Aaron Tom wipes his forehead as he stands over the steaming grill at the back of Shanghai Restaurant while making his family’s lo mein recipe. He moves instinctually, having made this dish for years, creating his livelihood by serving others.
Tom’s routine working hours are spent facilitating every aspect of his business, whether that’s attending to customers or helping in the kitchen. Tom said the restaurant industry is a stable and predictable line of work for him — one that never made him worry about possible failure.
But recently, that’s changed.
The coronavirus pandemic has drastically changed the way many
Since the March 14 incident, the threats to Nguyen’s life and business have escalated. Last week, someone wrote “hope it burns down” on the Instagram account for his restaurant, Noodle Tree.An anonymous manphoned the restaurant, reciting Nguyen’s home address with a warning: “We’re coming for you.”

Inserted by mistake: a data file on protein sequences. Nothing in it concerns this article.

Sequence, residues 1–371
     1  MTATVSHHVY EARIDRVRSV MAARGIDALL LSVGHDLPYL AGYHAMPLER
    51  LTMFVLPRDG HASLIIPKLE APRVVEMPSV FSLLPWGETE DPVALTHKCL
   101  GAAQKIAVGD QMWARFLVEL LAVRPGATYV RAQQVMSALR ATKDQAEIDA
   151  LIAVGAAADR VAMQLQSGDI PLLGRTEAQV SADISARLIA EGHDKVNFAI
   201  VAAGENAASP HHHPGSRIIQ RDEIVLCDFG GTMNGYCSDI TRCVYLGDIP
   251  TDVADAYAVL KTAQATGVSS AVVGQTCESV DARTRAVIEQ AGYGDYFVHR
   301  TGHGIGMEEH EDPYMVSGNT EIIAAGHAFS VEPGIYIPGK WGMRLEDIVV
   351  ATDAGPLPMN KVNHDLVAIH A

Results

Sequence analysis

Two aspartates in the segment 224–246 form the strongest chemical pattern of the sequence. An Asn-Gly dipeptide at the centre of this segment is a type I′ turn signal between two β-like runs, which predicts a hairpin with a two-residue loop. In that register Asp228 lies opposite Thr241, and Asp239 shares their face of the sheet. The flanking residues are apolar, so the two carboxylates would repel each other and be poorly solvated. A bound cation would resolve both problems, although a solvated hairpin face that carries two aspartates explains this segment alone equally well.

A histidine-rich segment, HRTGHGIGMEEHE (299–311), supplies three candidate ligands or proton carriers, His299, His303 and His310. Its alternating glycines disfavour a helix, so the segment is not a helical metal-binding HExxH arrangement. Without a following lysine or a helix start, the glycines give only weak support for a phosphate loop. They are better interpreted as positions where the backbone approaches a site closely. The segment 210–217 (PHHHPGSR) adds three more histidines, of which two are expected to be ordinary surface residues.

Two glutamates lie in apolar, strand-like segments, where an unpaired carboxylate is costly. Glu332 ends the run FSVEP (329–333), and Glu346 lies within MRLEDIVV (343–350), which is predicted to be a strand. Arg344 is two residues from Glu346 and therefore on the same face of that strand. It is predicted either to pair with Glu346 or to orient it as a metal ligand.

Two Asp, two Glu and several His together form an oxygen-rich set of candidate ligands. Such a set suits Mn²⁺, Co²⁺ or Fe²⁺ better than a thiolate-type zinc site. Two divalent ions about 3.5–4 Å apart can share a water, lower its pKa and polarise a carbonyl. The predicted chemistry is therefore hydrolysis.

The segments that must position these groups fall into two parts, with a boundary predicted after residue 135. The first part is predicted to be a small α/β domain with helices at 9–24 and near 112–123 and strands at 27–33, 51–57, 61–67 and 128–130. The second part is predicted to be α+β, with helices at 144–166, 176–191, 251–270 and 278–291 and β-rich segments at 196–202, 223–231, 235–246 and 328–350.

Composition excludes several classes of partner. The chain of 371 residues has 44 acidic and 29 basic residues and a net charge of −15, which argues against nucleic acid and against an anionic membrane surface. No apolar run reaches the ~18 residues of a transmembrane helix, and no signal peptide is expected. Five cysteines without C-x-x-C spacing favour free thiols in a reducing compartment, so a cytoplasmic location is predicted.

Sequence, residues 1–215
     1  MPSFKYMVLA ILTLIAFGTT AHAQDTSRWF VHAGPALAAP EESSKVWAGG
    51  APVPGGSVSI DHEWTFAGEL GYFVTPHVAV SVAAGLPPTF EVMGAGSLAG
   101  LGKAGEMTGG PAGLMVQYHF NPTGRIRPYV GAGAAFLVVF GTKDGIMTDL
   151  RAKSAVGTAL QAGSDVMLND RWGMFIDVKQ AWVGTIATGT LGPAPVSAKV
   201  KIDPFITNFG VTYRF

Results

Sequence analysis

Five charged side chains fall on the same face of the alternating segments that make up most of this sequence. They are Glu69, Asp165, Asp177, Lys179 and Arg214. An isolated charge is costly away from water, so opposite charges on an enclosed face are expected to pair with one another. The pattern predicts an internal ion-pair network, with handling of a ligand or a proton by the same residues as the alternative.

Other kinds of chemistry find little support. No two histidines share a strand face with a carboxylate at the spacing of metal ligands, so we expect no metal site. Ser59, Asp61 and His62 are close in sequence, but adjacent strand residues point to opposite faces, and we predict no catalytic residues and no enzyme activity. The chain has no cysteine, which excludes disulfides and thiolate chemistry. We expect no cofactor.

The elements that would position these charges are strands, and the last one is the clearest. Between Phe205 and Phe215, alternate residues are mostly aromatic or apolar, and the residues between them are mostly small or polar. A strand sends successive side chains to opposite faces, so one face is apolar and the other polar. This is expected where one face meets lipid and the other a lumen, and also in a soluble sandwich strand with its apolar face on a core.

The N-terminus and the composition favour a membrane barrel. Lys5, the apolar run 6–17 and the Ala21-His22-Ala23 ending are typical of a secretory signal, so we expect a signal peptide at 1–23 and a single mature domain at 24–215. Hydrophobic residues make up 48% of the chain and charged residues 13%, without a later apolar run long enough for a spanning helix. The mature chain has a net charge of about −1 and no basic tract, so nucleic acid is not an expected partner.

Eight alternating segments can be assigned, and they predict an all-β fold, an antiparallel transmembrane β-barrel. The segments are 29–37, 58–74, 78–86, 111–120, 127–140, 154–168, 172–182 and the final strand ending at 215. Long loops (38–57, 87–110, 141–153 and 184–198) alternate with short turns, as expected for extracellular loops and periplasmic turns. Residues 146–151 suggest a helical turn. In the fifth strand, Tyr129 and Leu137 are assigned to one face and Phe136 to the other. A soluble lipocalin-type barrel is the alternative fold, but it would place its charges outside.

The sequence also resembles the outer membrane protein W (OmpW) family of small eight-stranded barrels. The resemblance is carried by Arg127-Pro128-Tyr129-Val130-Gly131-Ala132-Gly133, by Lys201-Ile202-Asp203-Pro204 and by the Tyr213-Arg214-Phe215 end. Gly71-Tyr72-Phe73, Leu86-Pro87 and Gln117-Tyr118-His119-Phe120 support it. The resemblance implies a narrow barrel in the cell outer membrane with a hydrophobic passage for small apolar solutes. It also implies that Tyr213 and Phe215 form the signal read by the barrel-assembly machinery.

“The threats are getting more violent, more extreme,” said Nguyen, 33.
Asian American entrepreneurs across the country are combating a sharp rise
Video above: Protesters rally in Atlanta to stop violence against Asian AmericansA New York City anti-hate group is distributing personal safety alarms to Asian Americans and immigrants to protect them from a recent surge of racially motivated violence.Safe From Hate has donated 3,000 handheld alarms that emit an extremely loud noise to shock and disorient attackers while calling attention from bystanders and law enforcement officials.With its donations, the group aims to thwart anti-Asian violence, which has risen drastically across the United States in recent months. The Asian American community was again targeted on Tuesday, when a shooting spree in the … Read More
“I saw myself in these women,” she said. “I feel I have been screaming about hate crimes and violence against Asian Americans from the beginning of the pandemic, and no one was listening.”
Many Asian-American and Asian business owners like Wills — who founded the nail salon chain Base Coat Salon — feel similarly this week in the wake of the shootings.
Eight people were killed at three metro Atlanta massage parlors. Six of the victims were Asian. Local authorities have said it is too early to know for sure the motive behind the shootings. Nonetheless, they have sparked fresh
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